AI will be a constant companion

It won't be long before AI will be following us everywhere.

The path to a ubiquitous AI isn't hard to imagine. Artificial intelligence is an all-pervasive, general-purpose technology, more like electricity than, say, the airplane. Like electricity, it eventually will be integrated into all aspects of our lives, homes, cars and offices, though in ways that are far more disruptive and far-reaching.

AI will drive us to work in our autonomous cars, and once we're there it will manage calendars, screen and interview job candidates, run meetings, and even take on some management tasks such as forming work teams and assigning projects. Back at home, smart devices will react automatically to changing temperatures, noise levels and air quality, change lights and music to fit our mood and help children with their homework.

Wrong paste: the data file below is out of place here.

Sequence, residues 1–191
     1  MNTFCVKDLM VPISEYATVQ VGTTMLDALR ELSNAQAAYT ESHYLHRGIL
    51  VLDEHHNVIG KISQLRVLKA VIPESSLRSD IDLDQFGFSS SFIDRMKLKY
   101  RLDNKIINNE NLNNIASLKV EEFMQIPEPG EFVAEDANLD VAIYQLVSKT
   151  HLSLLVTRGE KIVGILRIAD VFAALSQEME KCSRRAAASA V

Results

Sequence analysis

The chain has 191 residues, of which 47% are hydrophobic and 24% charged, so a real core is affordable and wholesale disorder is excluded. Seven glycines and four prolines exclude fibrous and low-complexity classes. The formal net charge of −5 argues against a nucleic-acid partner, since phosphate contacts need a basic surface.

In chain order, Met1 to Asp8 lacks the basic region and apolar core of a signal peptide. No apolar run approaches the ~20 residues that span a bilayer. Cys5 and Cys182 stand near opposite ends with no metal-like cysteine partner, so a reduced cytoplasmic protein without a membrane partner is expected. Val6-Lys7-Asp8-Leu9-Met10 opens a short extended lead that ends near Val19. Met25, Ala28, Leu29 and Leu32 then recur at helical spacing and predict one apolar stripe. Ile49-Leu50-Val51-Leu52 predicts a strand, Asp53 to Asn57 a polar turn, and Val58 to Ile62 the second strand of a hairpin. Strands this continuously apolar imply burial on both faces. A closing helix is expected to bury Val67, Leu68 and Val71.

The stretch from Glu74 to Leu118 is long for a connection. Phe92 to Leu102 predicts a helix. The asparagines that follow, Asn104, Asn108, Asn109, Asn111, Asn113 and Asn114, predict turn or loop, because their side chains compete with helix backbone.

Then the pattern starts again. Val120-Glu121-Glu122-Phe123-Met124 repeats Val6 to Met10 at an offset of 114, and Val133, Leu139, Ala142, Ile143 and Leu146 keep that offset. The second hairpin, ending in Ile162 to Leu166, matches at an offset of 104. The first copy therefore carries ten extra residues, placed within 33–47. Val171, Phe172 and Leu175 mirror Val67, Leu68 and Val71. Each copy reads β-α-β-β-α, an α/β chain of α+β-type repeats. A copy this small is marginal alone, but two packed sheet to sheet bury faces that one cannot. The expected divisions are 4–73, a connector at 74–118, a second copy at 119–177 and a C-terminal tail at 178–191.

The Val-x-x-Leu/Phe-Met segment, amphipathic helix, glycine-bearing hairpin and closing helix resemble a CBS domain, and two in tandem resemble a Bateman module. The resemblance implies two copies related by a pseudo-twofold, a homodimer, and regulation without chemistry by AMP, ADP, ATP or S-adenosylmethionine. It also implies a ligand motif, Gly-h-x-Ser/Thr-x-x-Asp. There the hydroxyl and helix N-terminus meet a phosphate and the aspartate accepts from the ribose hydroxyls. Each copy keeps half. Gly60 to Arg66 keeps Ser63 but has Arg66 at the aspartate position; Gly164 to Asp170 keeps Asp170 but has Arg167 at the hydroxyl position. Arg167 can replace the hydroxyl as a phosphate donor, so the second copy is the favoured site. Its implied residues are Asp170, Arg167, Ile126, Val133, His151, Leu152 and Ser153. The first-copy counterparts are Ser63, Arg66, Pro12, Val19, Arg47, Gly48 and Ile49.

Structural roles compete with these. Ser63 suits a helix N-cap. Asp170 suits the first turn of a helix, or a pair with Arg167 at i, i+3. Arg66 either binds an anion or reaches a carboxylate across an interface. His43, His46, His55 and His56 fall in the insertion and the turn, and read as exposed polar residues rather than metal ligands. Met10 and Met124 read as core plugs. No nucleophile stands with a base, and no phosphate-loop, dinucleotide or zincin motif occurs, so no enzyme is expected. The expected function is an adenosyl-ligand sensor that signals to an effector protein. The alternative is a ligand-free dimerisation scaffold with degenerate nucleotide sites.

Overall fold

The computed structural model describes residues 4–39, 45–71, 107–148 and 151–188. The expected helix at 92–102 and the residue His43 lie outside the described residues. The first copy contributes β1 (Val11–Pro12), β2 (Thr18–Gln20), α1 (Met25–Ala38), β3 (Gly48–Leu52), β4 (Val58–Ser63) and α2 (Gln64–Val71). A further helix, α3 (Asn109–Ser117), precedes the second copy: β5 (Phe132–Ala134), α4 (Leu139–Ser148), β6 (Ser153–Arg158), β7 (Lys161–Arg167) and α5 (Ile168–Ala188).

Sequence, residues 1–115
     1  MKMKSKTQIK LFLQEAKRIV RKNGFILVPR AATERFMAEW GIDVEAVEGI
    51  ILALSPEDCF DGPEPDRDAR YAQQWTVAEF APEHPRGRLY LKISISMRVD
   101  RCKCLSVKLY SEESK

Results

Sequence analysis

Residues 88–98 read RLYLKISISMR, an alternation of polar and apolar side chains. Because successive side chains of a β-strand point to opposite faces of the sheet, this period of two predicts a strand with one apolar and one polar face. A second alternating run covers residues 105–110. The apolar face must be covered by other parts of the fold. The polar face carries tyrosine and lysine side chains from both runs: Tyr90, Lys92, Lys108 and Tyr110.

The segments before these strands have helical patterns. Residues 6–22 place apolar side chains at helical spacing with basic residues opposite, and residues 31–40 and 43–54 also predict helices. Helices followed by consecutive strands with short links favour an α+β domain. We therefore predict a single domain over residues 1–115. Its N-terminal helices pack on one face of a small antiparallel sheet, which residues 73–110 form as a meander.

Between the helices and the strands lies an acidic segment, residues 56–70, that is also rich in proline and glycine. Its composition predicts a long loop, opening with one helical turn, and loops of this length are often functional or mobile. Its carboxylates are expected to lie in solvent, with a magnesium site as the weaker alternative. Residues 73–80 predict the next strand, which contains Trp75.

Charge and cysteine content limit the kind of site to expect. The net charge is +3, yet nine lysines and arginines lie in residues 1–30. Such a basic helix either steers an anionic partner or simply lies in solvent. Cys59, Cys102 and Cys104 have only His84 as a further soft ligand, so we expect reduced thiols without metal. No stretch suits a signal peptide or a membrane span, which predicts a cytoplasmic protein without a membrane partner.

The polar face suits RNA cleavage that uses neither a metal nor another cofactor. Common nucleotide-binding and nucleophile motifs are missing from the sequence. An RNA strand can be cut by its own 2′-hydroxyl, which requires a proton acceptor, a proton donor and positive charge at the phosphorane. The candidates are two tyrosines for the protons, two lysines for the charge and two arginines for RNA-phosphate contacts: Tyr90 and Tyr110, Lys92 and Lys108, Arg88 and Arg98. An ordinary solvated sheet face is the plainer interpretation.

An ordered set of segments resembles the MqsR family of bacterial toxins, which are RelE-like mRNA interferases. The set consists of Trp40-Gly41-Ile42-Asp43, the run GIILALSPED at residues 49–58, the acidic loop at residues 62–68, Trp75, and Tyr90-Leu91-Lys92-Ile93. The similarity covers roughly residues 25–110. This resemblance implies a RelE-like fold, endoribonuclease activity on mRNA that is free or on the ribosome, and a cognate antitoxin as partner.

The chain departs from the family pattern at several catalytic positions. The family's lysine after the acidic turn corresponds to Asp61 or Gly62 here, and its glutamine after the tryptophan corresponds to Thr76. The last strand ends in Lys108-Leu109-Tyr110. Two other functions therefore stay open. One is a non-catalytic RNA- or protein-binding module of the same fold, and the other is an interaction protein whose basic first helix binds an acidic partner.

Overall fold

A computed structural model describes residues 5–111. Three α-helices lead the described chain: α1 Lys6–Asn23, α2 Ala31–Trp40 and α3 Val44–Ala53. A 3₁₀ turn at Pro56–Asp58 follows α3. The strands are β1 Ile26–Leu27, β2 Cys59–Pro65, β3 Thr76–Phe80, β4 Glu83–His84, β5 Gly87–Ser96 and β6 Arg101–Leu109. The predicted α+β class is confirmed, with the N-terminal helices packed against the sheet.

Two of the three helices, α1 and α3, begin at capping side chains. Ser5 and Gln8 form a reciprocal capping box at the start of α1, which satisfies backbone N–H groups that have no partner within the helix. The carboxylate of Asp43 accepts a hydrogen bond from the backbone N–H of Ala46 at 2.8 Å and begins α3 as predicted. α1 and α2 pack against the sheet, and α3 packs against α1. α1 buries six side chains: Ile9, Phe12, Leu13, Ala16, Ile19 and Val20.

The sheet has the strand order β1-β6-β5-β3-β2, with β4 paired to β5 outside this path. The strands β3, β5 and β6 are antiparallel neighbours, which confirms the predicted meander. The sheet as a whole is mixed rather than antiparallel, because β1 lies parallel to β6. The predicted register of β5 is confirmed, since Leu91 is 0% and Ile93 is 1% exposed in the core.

“At a certain point in the near term, referring to a building as AI-enabled would be as silly as referring to one as electrified today,” says Mr. Cascio.

Journal Report --

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The New York Times

Google claims a computing breakthrough

The company said today that it had achieved “quantum supremacy,” a milestone that would make current supercomputers look like toys.

At a research lab in California, a mathematical calculation that the largest supercomputers could not complete in under 10,000 years was done in 3 minutes 20 seconds, Google said in a paper in the science journal Nature.

Background: Our reporter Dennis Overbye explains: “Ordinary computers store data and perform computations as a series of bits that are either 1 or 0. By contrast, a quantum computer uses qubits, which can be 1 and 0 at the same time, at least until they are measured.”

What's next: Scientists likened the announcement to the Wright brothers' first flight in 1903 — proof that something is possible even though it may be years before it can fulfill its potential.



What can we learn from the success of animal kingdom?